A Valley ICU nurse is recovering from COVID-19 four months after she was infected.
Dawn Cardwell has been a registered nurse for a decade. She was working night shifts on the COVID floor at Banner Thunderbird Medical Center in Glendale when she said she contracted the virus.
She said on May 2, she had treated a COVID patient on BiPAP, a breathing machine that uses pressure to pump air in and out through the lungs.
"The mask is not fully sealed, so it pushes the air out around the outside of the mask, which then aerosolizes the virus into the room," Cardwell explained.
In early April, Banner implemented a policy to reuse N95 masks until it became visibly soiled or no longer provided the necessary seal.
In a statement to ABC15, Banner said, "due to the significant global supply chain disruption, especially in personal protective equipment, the vast majority of healthcare organizations had to implement respirator extended use or re-use policies in accordance with direction from the Centers for Disease Control."
Employees, like Cardwell, were able to exchange the used N95 for a new one. Cardwell had been reusing her mask and says that may have played a role.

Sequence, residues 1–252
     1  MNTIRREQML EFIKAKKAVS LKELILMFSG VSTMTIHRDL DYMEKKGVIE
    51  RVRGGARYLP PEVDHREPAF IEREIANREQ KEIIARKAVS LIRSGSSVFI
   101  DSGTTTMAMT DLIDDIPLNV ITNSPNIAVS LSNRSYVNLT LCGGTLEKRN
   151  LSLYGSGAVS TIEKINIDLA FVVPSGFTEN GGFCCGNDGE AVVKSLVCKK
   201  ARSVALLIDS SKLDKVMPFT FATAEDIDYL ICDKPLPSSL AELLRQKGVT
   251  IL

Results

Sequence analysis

"Maybe my mask was looser, because unfortunately, with those N95 masks you don't realize how loose they've become until you get a new mask."
She was hospitalized for a week in the same hospital where she works.
"It was the worst experience of my life," said Cardwell.
Cardwell shared her story with COVID on the blog truestoriesofcovid19.com to let people know about the possible long-term effects of the virus.
She's still dealing with a long list of issues, including tremors, headaches, chest pains and shortness of breath. She also has to do occupational therapy, physical therapy and speech therapy. Cardwell even needs oxygen at night.
"I have short-term memory loss, I have comprehension issues, I have word-finding issues," she said.
Cardwell doesn't know how long the symptoms will last or when she may be able to go back to work.
"I want to be back. I need a routine and a sense of worth, a sense of doing things, helping people," said Cardwell.
She's had to depend entirely on her family for help and worries people are politicizing something that nearly killed her.
"It's frustrating. So many are ignorant because they don't want to believe it, because they think there's something behind it, and it's not true."
Cardwell said, even though she got sick at work, she can't wait to go back, and she feels lucky to have the support and care from her nurses and doctors.